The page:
Posted June 24, 2016
Have you ever reviewed a job description and were left wondering what the role would actually do? Official job descriptions are usually jargon-filled documents that don’t clearly communicate what the role is and what the role is not. This can be problematic, especially when launching a new role that will take on the responsibilities that are currently being performed by others.
This was the dilemma facing Omaha Public Schools in the summer of 2014 when they launched four new principal supervisor positions – Executive Directors of School Support and Supervision. The new positions were a centerpiece of Superintendent Mark Evans’ plans to provide a system of support to the 87 principals in OPS. These new roles needed to be clearly defined for the new Executive Directors themselves, the principals they would be leading, and the central office leaders whose roles would necessarily change.
Omaha Public Schools approached this challenge by asking three simple questions:
- Why do we have Executive Directors?
- What are the roles we expect our Executive Directors to play?
- What are not the roles we expect our Executive Directors to play?
The Executive Directors were the first to grapple with these questions during their summer induction program, facilitated by Cross & Joftus. The exercise caused the Executive Directors to deeply explore their new role and begin to clarify what it would look like in practice. The superintendent participated in this exercise along with the Executive Directors to ensure his vision was accurately reflected.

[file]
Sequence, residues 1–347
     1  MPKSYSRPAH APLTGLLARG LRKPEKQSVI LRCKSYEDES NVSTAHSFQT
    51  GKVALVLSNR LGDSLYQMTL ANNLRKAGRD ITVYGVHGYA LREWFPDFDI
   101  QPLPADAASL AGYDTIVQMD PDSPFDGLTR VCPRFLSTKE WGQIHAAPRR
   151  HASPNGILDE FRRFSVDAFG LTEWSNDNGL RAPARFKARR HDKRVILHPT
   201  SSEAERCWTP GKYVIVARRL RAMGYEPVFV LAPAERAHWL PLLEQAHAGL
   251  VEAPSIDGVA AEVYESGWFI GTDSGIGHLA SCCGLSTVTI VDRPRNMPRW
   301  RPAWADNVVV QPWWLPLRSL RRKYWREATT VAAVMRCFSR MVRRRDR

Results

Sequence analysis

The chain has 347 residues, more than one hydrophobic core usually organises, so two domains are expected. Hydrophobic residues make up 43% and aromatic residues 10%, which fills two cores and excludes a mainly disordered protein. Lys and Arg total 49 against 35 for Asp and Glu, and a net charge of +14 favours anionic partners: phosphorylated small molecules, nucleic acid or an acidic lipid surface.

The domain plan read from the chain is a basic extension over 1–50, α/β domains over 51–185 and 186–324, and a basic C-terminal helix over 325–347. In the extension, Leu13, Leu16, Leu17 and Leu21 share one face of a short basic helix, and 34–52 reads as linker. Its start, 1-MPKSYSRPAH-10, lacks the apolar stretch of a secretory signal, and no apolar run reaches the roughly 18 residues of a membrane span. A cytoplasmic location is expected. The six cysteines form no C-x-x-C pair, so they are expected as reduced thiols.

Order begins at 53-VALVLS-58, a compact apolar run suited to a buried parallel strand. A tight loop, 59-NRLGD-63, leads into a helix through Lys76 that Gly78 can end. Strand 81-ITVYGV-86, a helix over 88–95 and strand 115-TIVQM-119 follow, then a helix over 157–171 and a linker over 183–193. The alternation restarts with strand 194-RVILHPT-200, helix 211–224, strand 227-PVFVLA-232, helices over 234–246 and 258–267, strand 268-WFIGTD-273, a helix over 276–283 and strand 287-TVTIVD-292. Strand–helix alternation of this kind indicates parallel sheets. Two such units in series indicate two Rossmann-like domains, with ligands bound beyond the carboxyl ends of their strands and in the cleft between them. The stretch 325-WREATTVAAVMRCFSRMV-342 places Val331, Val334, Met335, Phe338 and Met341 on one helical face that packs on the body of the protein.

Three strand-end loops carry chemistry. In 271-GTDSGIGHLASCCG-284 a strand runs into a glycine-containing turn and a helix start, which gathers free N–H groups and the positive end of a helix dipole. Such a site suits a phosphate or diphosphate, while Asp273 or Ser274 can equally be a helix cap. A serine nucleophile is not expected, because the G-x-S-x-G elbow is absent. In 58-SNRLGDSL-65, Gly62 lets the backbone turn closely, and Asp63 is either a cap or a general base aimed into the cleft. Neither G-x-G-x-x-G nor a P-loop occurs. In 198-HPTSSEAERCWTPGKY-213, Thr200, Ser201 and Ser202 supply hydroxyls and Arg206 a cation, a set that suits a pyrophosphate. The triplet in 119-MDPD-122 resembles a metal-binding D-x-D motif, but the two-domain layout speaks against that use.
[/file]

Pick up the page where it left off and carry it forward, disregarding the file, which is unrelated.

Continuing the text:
The draft role definition was next shared with the superintendent’s cabinet members to elicit their feedback and to help clarify the new roles for the cabinet members. This was critical since many of the roles identified for Executive Directors were previously the responsibility of other Executive Council members, such as the chief academic officer or human resources director. The superintendent hoped to eliminate any confusion over who was responsible for what. This process ended up comprising multiple conversations at the cabinet’s table over a period of many weeks. The simplicity and clarity of the format helped the district leadership process their changing roles given the new Executive Director positions.
During the same time frame, principals were engaged in reviewing the draft role definition, giving feedback, and helping to clarify their new supervisor’s role. This process involved multiple meetings of principals in small groups as well as all principals together. Principals were understandably concerned about this new role as these new positions were going to be right above them on the org chart. Principals wanted to make sure this role was truly about support and not adding an administrative layer in the system, making their work more difficult.
Once the engagement process was complete, the district published their Executive Director Role Definition. This one-page document clearly articulated what the new role was and was not. This simple and clear role definition become the guidepost for the executive directors as they implemented their new roles. Besides regularly discussing and self-reflecting on how they were doing against the role definition, they also surveyed the superintendent’s cabinet members and principals, asking if they were hitting the mark on each of the identified roles. This feedback was invaluable to the Executive Directors and the district leadership as they worked to refine their practice to align with the role envisioned.
As the role of the Executive Director of School Support and Supervision in Omaha Public Schools continues to evolve, the district will make any needed adjustments to the role definition. However, one thing is clear: The resulting adjustments will be communicated in a simple, clear, and concise manner. No one will be left wondering what Executive Directors “are” and what they “are not.”